Monuments to Spanish Conquerors Teeter in New Mexico | U.S. News®

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SANTA FE, N.M. (AP) — Statues of Spanish conqueror Juan de Oñate are confronting a new wave of criticism in New Mexico as an affront to indigenous people and an obstacle to greater racial harmony.

The Red Nation advocacy group for Native American rights was planning a protest Monday evening to urge authorities to remove a statue on Oñate on horseback outside a cultural center at the norther New Mexico community of Alcalde.

A separate demonstration in Albuquerque was aimed at the removal of another Oñate likeness that is part of a caravan of Spanish colonists set in bronze outside a city museum.

Monuments to European conquerors and colonists around the world are being pulled down amid an intense re-examination of racial injustices in the wake of George Floyd’s death at the hands of police.

Oñate, who arrived in present-day New Mexico in 1598, is both reviled for his brutality and revered as a cultural father figure in communities along the Upper Rio Grande Valley that trace their ancestry to Spanish settlers.

To Native Americans, Oñate is known for having ordered the right feet cut off of two dozen captive tribal warriors after his soldiers stormed Acoma Pueblo’s mesa-top “sky city.” Oñate’s order was precipitated by the killing of his nephew.

Elena Ortiz, a Red Nation organizer in Santa Fe with family ties to indigenous Ohkey Owingeh Pueblo, said conquistadors including Oñate are symbols of violence and detract from efforts toward mutual aid and support in the age of the coronavirus.

“This is an issue of colonization and the elevation of these individuals — conquerors and conquistadors — into heroes when they were murderers,” Ortiz said. “This is a universal issue.”

Albuquerque city officials announced Saturday they will convene a council of community leaders and artists to consider the concerns about the public art piece as they look for “creative solutions.”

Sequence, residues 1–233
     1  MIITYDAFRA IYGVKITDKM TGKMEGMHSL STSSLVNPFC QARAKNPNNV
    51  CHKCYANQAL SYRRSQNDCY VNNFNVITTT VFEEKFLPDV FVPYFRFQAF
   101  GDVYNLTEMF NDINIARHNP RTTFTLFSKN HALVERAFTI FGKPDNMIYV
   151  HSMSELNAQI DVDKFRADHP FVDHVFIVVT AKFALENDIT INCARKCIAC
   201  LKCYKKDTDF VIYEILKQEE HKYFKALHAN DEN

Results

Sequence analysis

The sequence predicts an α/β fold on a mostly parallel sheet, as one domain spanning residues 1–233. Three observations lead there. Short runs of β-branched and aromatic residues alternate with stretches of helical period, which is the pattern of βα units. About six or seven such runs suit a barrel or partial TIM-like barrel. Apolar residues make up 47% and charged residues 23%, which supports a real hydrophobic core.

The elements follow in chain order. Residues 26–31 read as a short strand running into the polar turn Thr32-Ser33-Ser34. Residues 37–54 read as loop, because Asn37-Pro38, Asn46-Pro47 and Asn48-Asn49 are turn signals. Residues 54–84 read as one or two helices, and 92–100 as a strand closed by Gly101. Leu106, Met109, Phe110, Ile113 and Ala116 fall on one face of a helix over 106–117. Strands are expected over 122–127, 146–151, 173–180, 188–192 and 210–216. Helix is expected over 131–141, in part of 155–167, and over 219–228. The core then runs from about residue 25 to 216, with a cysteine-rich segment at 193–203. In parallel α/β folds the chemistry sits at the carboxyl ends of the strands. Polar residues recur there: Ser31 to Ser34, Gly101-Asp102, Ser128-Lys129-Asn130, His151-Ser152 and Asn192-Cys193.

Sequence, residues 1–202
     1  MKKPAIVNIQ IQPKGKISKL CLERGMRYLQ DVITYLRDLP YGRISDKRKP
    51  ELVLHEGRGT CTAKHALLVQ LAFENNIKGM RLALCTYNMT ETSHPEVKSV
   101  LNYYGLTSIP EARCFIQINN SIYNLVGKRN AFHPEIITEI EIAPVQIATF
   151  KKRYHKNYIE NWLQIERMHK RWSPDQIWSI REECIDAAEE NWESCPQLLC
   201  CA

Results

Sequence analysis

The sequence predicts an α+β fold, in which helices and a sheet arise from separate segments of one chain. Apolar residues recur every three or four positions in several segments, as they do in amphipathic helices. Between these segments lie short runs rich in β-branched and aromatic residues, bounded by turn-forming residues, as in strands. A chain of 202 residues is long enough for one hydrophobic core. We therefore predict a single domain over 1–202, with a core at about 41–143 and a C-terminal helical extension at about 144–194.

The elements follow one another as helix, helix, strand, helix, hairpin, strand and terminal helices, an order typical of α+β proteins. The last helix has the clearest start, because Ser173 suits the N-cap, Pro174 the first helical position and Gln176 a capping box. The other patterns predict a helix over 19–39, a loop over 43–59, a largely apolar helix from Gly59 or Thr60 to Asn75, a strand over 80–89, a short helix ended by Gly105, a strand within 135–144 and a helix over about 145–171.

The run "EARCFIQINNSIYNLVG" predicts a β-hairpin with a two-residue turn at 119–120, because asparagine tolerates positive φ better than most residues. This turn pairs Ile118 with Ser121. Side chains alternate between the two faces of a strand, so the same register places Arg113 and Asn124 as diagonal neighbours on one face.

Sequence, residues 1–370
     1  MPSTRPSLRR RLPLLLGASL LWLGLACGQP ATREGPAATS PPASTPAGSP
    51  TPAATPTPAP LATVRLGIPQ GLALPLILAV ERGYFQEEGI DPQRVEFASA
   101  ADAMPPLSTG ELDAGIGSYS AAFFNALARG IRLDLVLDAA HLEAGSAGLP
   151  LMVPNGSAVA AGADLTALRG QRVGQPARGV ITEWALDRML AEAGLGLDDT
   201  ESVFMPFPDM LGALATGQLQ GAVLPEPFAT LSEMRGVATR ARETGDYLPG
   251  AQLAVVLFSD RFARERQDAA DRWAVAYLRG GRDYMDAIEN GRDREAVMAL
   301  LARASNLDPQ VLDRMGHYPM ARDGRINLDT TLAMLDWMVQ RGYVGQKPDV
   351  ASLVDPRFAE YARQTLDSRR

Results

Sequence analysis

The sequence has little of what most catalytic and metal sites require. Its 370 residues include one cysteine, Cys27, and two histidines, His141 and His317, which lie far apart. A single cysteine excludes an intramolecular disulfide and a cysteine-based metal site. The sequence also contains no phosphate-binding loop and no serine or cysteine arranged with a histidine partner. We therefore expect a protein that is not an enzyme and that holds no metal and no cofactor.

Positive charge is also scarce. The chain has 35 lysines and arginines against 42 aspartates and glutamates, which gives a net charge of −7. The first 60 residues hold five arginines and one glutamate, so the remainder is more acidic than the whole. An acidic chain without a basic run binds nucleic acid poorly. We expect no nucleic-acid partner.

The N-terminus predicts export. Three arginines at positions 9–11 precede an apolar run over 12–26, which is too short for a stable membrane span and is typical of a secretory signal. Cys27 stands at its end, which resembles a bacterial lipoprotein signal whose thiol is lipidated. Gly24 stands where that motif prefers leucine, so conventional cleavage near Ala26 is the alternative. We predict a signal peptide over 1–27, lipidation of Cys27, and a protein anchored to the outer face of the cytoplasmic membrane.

Titled “La Jornada,” the sculpture depicts Oñate leading a group of Spanish settlers to what was then the northern most province of New Spain in 1598. The collection of statues includes an indigenous guide, a priest, women settlers and soldiers. The names of the families who accompanied Onate are listed on plaques below as part of the “Wall of Spanish Ancestral Heritage.”

“Recent calls for altering ‘La Jornada’ remind us that works of art often challenge communities to debate ideas, pursue empathy, grapple with multiple perspectives, reconcile conflict and interrogate history,” said Shelle Sanchez, head of the city’s Cultural Services Department.

“La Jornada” is one of two pieces on museum property that were installed to reflect part of New Mexico’s history, city officials said. The other by New Mexico artist Nora Naranjo Morse of Santa Clara Pueblo is meant to be a place of solace and reflection that was commissioned as a response to the caravan.

In northern New Mexico, annual costumed tributes to Spanish conquistadors including Oñate have been scaled back or canceled in recent years in deference to local indigenous communities and new revelations about the subjugation and enslavement of Native American servants and people of mixed ancestry.

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